Definition of lost generation in US English:

lost generation


  • 1The generation reaching maturity during and just after World War I, a high proportion of whose men were killed during those years.

    • ‘It will augment the literature units in the secondary curriculum that explore the twenties as a study of the lost generation or the American dream.’
    • ‘The stage is the designer's evocation of a World War I blue remembered battlefield, peopled by a ghostly lost generation in sad tin hats and mouldy cloth, their women anonymous wraiths in caps and shrouds.’
    • ‘She made the comment about ‘the lost generation,’ which became the catch phrase used to describe the post World War I characters of The Sun Also Rises.’
    • ‘The Age of Anxiety, the age of the lost generation, was also an age in which modern Fascism and Totalitarianism made their appearance on the historical stage.’
    • ‘Nine million men, from all sides, lost their lives, and they often are referred to as ‘the lost generation.’’
    1. 1.1 An unfulfilled generation coming to maturity during a period of instability.
      • ‘But the new lost generation had also witnessed the irrationality and terror of fascism, the burial of the old order and the nightmare world of alienated man.’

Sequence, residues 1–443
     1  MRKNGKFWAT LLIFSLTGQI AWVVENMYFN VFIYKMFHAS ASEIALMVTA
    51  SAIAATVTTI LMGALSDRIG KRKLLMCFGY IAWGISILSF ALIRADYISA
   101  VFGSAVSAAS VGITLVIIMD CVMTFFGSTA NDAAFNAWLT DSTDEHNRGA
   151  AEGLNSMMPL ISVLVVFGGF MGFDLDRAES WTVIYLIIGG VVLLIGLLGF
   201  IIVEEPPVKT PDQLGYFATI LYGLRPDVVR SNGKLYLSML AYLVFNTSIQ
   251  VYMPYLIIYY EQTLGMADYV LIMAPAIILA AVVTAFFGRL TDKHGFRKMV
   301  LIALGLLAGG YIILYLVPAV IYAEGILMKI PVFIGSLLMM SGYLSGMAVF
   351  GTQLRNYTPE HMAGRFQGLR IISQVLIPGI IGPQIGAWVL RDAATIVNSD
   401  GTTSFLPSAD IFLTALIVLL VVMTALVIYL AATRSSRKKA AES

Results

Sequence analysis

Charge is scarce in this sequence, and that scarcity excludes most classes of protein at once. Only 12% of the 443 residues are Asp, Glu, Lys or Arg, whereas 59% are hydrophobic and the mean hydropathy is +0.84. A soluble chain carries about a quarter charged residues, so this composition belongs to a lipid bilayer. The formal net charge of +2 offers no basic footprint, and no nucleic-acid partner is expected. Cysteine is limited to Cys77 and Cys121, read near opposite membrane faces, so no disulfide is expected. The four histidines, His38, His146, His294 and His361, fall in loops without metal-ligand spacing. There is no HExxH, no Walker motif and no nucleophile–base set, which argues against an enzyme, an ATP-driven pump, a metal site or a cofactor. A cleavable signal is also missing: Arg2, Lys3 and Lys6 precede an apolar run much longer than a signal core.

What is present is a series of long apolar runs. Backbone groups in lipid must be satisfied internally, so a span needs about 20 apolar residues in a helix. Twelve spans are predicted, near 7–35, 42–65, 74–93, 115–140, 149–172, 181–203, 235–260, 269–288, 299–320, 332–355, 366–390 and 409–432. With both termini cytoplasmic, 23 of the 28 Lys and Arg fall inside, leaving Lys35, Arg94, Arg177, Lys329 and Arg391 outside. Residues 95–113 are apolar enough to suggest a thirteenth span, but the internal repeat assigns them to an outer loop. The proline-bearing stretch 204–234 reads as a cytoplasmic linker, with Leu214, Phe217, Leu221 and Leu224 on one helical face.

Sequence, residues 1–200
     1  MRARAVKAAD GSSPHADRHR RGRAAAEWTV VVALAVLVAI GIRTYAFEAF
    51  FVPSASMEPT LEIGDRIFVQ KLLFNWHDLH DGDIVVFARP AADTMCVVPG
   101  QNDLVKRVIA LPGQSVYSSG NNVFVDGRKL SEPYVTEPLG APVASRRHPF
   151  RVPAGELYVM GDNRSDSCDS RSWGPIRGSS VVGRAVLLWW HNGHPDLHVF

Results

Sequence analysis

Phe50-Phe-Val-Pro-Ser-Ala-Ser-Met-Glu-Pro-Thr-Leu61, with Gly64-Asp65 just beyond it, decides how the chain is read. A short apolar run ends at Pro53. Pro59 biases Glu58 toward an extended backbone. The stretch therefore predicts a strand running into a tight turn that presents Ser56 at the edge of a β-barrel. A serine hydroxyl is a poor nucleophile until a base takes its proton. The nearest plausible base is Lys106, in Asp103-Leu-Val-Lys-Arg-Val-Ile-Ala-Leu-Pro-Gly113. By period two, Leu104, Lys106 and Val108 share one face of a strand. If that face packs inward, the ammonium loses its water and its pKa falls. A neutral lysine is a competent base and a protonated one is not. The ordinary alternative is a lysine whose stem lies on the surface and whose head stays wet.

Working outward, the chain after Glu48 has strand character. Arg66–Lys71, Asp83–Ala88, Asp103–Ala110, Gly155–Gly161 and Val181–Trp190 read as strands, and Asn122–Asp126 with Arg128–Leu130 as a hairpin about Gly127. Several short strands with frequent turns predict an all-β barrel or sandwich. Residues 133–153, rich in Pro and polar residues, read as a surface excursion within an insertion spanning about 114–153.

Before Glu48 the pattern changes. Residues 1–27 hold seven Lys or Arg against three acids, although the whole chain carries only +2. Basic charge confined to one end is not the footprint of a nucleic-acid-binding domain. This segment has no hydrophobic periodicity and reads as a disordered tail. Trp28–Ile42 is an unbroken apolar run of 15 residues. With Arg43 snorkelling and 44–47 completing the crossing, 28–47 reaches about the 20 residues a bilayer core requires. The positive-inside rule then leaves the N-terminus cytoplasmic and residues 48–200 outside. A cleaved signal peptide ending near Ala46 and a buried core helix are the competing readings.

• ‘The voice is powerful, the melodies wonderful and the songs anthems for a lost generation.’
      • ‘They were a lost generation, and a living reminder to others of what war really meant.’
      • ‘I have seen our lost generation of young people, in hostels for the homeless or out on the streets.’
      • ‘He wanted to bring justice to this lost generation, and also to bring hope for the survivors in this world.’
      • ‘But a number are genuinely interested in politics in a serious manner - and these people I feel particular sorrow for, as they are potentially a lost generation.’
      • ‘In fact, we have proved that they are not a lost generation.’
      • ‘There's a lost generation of youth who had spent their childhood fighting and killing others.’
      • ‘More frightening is the future of a lost generation of our nation's youth.’
      • ‘UNICEF predicts that due to its grave debt burden the country will sustain a lost generation, a weak generation resulting from lack of education and ill health.’
      • ‘His characters aren't quite a lost generation, but they are frequently at a loss trying to cope with the myriad forms of violence that have changed their world and how they view it.’
      • ‘The one thing that ties this young, lost generation together is the hope for a lasting, stable, broad-based government that represents all of the country's many tribes and ethnic groups.’
      • ‘Without a concerted effort at education and concrete action, these children are the lost generation.’
      • ‘There's talk of a lost generation as children drop out of school.’
      • ‘Along with the stolen generations, does Australia have a lost generation?’


Phrase applied by Gertrude Stein to disillusioned young American writers, such as Ernest Hemingway, Scott Fitzgerald, and Ezra Pound, who went to live in Paris in the 1920s.